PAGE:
- image: buildpack-deps:trusty
      FOO: bar
    resource_class: large
    working_directory: ~/my-app
      - run: go test

To split these tests, using timing data, we first intoduce parallelism to spin up a number (10 in this case) of identical test environments. Then use the circleci tests split command, with the --split-by=timings flag to split the tests as equally as possible across all environments, so the full suite runs in the shortest possible time.

      - image: buildpack-deps:trusty
      FOO: bar
    parallelism: 10
    resource_class: large
    working_directory: ~/my-app
      - run: go test -v $(go list ./... | circleci tests split --split-by=timings)

Note: The first time the tests are run there will be no timing data for the command to use, but on subsequent runs the test time will be optimized.

Is it worth it?

To give a quantitative illustration of the power of the split-by-timings feature, adding parallelism: 10 on a test suite run across the CircleCI application project actually decreased the test time from 26:11 down to 3:55.

Test suites can also be split by name or size, but using timings-based test splitting gives the most accurate split, and is guaranteed to optimize with each test suite run; the most recent timings data is always used to define where splits happen. For more on this subject, take a look at our using parallelism to speed up test jobs.

Workflows Increase Deployment Frequency

Providing value to your customers is the top goal for any organization, and one can measure the performance of an organization by how often (frequency) value is delivered (deployment). High-performing teams deploy value to customers multiple times per day according to the DevOps Research and Assessment Report, 2019.

While many organizations deploy value to customer once per quarter or once per month, the basics of raising this frequency to once per week or once per day is represented by the same type of orchestration added to an organization’s value pipeline.

To deploy multiple times per day, developers need an automated workflow that enables them to test their changes on a branch of code that matches exactly the environment of master, without being on the master branch. This is possible with the use of workflow orchestration in your continuous integration suite.

When you provide developers with a workflow that runs all of their tests in the master environment, but doesn’t run a deploy, they can safely test and debug their code on a branch until all tests are passing.

A workflow that runs all tests as if they were on master gives developers the confidence they need to merge to master knowing their code will not break or cause an outage or interruption to service for customers. The small investment in configuring such a workflow is well-worth the increase in deployment frequency of valuable changes to your customers.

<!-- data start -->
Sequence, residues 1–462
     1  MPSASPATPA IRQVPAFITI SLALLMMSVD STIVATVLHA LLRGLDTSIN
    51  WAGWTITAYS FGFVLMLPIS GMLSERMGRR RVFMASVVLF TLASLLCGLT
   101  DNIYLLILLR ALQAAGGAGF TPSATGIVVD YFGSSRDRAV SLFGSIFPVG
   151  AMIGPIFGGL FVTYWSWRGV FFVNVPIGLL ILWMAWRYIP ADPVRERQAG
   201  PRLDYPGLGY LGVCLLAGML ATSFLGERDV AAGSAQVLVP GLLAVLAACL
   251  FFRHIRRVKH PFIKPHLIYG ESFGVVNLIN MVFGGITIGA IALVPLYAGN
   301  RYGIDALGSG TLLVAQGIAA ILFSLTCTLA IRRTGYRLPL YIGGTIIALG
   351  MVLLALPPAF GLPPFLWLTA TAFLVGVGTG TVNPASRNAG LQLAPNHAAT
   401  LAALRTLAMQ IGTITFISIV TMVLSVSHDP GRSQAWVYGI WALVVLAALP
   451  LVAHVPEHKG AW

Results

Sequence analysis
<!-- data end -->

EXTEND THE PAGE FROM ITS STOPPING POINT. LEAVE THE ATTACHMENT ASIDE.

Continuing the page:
A simple example would configure deployment to run only if a change is merged to master and the test jobs have already passed.

For an organization deploying multiple times per day, that configuration may be as simple as the following snippet of YAML:

      - build
      - test
      - deploy:
            - build
              only: master

The time difference in your organization’s frequency without a workflow to enable developers in the way described above will include the time it takes for them to ensure their environment is the same as production, plus the time to run all of the same tests to ensure their code is good. All environment updates and tests must also be completed by every developer before any other changes are made to master. If changes happen on master while they are updating their environment or running their own tests, they will have to rerun everything to have confidence that their code won’t break.

For an organization deploying on a slower cadence, a nightly build workflow can ensure that on any day an update is needed by customers, there is a tested and deployable build available:

      - schedule:
          cron: '0 8 ***'
              only: master
      - build
      - test
      - deploy

The time difference includes the lag described above plus the duration of the pipeline run and elapsed time between when a developer finished a change and when the scheduled build runs. All of this time adds up and the more confidence developers have in the quality of their code the higher their deployment frequency.

See Also

  • Refer to Optimizations for more information on other optimization strategies you can use for caching, workflows and builds.
  • Refer to Caching for high-level information about caching.